Sure, it was great time for the town, but NFL shouldn't stage such exhibitions

The Inside Stuff

August 31, 1992|By Bill Tanton

Now that the spectacular success of Baltimore's National Football League preseason game is behind us, let's be honest:

The NFL shouldn't even have exhibition games. They really don't make much sense.

Certainly, a team shouldn't have to play five of them, as the Washington Redskins did -- winning only once.

How many "exhibition" games does the University of Maryland play? None, of course. The Terps will open at 7 o'clock Saturday evening at Virginia, the first test for both teams, which puts them on a level playing field.

Meaningless NFL exhibitions result in far too many injuries to players. Watch any game on TV and, you can depend on it, every 15 minutes a team's medical staff will be on the field working on a fallen warrior.

Exhibitions also strain the patience and the pocketbooks of the fans, who don't like the idea of paying regular-season ticket prices in the first place. The fans tire of games week after week that prove nothing.

Even the football love-in held at Memorial Stadium last Thursday night featured an exhibition game that many spectators found boring.

"It was a great night," said former Colts season-ticket holder Tom Mooney, "but the game was nothing."

Did any of the 55,585 at RFK Stadium in Washington Saturday night honestly believe they were seeing the real Redskins in that 30-0 loss to Minnesota?

Does anyone think the Skins will play that poorly in their opener next Monday night at Dallas? No way.

Last year, Washington was 1-3 in the preseason and won the Super Bowl. In 1982, the Redskins were 0-4 in exhibitions; they won the Super Bowl that year, too.

NFL people will tell you the exhibitions are needed so that talent, especially rookies, can be evaluated. The answer to that is simple: Don't take so many players to training camp. If it's gate receipts the owners are really worried about, let them add a couple more games to the league schedule.

* Tony Ambridge, who represents my district in the Baltimore City Council, says he hopes Boogie Weinglass becomes the

owner if Baltimore gets an NFL franchise. Ambridge has good reason for this.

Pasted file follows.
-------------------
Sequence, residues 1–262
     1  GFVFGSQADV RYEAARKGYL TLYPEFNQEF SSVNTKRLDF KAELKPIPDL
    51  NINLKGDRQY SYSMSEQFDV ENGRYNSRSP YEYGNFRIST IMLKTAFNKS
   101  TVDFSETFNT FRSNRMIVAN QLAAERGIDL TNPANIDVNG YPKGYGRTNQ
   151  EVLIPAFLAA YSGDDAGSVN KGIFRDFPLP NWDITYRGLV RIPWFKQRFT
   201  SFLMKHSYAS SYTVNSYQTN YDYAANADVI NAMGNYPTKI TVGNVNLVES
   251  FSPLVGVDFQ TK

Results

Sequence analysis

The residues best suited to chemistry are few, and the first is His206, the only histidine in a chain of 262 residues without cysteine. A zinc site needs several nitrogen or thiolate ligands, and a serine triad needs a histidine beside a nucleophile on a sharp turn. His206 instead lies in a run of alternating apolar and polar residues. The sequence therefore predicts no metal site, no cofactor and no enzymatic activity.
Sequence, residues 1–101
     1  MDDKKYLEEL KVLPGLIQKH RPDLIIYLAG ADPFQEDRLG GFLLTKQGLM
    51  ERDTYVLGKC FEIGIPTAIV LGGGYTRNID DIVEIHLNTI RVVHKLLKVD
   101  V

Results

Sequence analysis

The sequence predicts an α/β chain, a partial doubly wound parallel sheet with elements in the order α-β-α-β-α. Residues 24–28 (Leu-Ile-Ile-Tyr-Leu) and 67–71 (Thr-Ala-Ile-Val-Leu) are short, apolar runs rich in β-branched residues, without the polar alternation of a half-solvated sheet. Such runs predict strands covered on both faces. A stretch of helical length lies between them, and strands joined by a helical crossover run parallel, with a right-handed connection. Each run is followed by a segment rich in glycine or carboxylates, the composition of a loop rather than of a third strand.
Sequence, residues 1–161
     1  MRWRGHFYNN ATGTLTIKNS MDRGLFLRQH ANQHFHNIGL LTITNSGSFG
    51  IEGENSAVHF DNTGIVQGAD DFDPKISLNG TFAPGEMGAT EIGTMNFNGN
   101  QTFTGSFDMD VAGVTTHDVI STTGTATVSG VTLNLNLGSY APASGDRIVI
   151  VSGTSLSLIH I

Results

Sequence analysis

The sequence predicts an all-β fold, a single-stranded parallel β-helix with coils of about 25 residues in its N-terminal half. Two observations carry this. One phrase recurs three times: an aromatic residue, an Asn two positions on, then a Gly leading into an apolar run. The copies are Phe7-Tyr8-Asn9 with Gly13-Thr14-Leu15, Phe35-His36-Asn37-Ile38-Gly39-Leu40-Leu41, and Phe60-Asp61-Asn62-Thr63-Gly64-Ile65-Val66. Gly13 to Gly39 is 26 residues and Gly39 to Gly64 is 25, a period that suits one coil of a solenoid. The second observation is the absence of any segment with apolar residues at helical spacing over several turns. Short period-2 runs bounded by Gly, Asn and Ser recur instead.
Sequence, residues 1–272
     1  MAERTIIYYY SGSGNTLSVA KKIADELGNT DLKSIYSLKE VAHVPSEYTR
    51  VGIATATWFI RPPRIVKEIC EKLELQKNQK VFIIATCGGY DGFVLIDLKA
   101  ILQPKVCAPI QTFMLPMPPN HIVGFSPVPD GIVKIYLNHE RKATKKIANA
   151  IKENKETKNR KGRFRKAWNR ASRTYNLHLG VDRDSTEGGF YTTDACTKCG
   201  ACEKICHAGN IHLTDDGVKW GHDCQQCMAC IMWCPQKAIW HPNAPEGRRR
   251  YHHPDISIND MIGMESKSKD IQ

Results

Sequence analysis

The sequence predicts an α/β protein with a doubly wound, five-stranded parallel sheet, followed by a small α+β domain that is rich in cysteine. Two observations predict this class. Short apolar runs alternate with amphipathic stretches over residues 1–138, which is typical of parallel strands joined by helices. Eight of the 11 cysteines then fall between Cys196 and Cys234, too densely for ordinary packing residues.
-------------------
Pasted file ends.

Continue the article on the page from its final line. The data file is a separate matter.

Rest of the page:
"I coach a kids' basketball team," Tony was telling me over the weekend, "and last year we lost our sponsor just before the season opened. It happened to make the papers that unless we could come up with $5,000 we couldn't have the team.

"The next day a check for $5,000 was delivered to my office. It was from Boogie Weinglass. I understand he's done many kind, charitable things like that."

* If you think there's a new look for Maryland football, where Mark Duffner's entire coaching staff is in its first year, you ought to see what's going on at Morgan State.

Saturday afternoon, I watched Morgan scrimmage for an hour, a spirited workout that nearly made me forget that the Bears were 1-10 last season (they beat only Howard, 38-28, in their finale). After practice, I talked with second-year coach Ricky Diggs.

"We have 45 freshmen on this squad," said Diggs, who came to Morgan from Fisher DeBerry's staff at the Air Force Academy. "That includes scholarship kids and walk-ons. We're going to be all right, but it's going to take a little time.

"Our quarterback will be either Michael Moore, who's a sophomore, or Orlando Persell, a junior. When some of our youngsters gain a little experience and maturity, we should have a nice football team."

Diggs, a go-getter, knows what it takes to win, which he got used to doing at Air Force. Morgan's huge freshmen crop this year proves Diggs can recruit.

Morgan opens its season in two weeks and will play its first two games on the road at Liberty University and at North Carolina A.&T. The Bears' home opener will be played Sept. 26 against Johnson C. Smith.

* Morgan State footnote: One of the Bears' all-time greats, linebacker Willie Lanier, had his Kansas City Chiefs number retired last week in an Arrowhead Stadium ceremony at the Kansas City-Buffalo exhibition game.

Lanier, an NFL Hall of Famer, is a vice president of Wheat First Securities in Virginia and lives in the affluent Richmond suburb of Salisbury. Extremely popular and civic-minded, he runs a foundation to enable youngsters to attend college. Lanier's friends tell him he ought to slow down, but Willie's response says a lot about the man.

"Every time I talk about slowing down," he says, "I hear about some kid who went to college because of me and I just keep on going."

* Mike Boddicker tells his former Oriole teammates that he's not happy pitching in Kansas City. I don't imagine Kansas City is too happy with him, either, with his 0-4 record and 4.61 earned run average.

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